New article in Antiquity

2020-10-26

A study that analyses climate variability and the spatial configuration of land use in the north-eastern Peloponnese during the Late Hellenistic and Roman (c. 150 BC–AD 300) periods. The article provides novel insight into how changing climate influenced land use, showing how drying conditions may have influenced the relocation of agricultural production.

The work by Anton Bonnier and Martin Finné is published now as an online first article in the prestigious journal Antiquity.

Read the paper: Open Access of course!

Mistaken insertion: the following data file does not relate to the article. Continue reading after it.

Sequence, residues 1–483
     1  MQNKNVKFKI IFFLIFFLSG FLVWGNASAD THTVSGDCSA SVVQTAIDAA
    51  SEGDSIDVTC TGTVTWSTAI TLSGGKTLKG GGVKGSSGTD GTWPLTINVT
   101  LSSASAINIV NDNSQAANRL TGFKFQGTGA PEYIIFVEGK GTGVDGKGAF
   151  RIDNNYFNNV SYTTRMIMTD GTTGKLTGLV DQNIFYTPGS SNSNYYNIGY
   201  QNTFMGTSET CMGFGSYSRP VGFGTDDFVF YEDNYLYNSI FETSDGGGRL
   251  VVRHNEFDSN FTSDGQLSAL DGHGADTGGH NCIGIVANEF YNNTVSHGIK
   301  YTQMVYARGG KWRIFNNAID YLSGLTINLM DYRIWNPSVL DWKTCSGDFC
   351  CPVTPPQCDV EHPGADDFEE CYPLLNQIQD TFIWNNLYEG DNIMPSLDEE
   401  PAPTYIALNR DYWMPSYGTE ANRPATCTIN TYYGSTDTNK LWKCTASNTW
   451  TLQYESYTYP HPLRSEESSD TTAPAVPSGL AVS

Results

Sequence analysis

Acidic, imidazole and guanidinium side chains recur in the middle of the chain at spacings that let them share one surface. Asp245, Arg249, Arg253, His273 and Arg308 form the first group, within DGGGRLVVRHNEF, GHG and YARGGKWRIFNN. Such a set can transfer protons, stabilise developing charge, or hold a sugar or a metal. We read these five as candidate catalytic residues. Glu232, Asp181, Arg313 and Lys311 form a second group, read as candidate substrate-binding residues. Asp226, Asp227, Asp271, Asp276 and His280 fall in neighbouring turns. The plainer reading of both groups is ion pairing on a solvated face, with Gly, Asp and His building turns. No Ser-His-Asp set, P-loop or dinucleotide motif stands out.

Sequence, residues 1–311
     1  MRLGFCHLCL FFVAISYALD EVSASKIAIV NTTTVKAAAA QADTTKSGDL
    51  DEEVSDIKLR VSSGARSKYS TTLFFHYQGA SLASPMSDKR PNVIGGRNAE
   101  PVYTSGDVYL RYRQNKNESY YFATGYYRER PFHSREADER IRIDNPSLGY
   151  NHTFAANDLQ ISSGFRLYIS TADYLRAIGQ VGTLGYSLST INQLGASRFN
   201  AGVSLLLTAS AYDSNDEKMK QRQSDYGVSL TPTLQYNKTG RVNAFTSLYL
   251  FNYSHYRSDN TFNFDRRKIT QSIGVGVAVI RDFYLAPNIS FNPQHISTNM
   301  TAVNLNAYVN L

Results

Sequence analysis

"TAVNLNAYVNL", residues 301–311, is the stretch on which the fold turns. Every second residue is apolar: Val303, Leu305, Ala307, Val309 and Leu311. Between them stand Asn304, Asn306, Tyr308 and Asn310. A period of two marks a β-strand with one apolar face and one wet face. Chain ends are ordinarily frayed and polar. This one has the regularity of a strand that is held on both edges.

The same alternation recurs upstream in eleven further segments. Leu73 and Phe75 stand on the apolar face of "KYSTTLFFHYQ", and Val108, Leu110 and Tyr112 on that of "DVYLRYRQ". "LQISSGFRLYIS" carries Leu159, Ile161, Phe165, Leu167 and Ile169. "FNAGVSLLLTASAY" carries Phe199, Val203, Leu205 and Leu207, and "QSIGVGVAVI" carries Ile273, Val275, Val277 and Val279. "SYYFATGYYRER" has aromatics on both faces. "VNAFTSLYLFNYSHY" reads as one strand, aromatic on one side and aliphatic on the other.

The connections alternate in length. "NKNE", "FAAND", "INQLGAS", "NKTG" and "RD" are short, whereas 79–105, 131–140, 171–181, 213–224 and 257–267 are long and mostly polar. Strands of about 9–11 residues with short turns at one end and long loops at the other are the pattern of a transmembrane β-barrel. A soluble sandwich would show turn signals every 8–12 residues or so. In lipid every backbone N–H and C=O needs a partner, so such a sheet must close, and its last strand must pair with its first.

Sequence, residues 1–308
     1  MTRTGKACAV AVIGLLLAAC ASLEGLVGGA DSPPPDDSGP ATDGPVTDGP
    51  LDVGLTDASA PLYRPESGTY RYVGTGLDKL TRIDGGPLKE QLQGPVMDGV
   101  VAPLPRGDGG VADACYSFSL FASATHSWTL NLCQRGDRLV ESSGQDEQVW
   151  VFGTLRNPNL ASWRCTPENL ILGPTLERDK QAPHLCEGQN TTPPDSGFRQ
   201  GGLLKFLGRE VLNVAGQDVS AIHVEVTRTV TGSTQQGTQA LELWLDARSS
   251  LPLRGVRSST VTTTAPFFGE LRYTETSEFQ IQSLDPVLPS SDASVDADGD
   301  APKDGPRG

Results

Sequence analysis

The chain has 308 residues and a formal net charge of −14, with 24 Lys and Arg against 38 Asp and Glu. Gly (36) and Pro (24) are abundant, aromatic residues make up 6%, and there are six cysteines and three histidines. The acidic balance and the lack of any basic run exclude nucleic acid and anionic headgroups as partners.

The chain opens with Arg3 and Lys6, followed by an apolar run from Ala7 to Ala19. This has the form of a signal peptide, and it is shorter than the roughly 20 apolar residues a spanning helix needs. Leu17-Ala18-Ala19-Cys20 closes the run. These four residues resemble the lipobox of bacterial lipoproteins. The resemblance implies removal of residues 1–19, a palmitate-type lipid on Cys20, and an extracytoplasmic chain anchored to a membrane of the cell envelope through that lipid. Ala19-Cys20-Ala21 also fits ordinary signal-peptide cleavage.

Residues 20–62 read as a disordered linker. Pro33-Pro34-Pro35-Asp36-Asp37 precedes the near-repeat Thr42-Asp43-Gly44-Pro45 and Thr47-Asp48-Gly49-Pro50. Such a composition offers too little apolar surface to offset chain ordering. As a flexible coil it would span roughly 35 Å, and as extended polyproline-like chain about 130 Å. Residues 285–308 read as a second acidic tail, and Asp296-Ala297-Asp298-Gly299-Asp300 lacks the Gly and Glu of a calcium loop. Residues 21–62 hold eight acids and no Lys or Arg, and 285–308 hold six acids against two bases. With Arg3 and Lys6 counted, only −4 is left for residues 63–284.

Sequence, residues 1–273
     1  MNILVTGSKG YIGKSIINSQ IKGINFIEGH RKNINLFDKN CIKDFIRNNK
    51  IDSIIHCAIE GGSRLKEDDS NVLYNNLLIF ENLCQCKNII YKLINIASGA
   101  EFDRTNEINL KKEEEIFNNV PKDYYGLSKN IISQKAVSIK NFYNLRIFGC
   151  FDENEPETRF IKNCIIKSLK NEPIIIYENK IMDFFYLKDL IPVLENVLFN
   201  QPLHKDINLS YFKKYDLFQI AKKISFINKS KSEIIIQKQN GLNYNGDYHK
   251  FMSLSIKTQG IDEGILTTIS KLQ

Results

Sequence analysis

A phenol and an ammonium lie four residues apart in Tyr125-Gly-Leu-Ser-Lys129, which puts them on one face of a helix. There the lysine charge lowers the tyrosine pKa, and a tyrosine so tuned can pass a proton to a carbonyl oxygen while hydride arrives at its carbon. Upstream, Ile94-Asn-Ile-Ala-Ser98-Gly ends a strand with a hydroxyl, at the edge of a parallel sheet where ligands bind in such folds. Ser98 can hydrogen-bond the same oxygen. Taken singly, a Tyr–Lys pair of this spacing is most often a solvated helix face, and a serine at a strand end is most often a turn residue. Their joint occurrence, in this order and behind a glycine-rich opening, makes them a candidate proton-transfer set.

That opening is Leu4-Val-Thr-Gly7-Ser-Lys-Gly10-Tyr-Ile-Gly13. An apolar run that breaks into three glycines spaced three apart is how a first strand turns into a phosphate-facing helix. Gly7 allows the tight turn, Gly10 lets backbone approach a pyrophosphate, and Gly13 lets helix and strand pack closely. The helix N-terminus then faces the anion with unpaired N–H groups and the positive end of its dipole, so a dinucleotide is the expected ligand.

Abstract: Research on ancient Greek rural settlement and agricultural economies often emphasises political agency as a driving force behind landscape change, with comparatively less attention directed to the potential effects of climate. This study analyses climate variability and the spatial configuration of land use in the north-eastern Peloponnese during the Late Hellenistic and Roman (c. 150 BC–AD 300) periods. A synthesis of archaeological field survey data combined with new palaeoclimatological data provides novel insight into how changing climate influenced land use. The authors argue that although climatic variability alone did not drive socio-economic change, drying conditions may have influenced the relocation of agricultural production.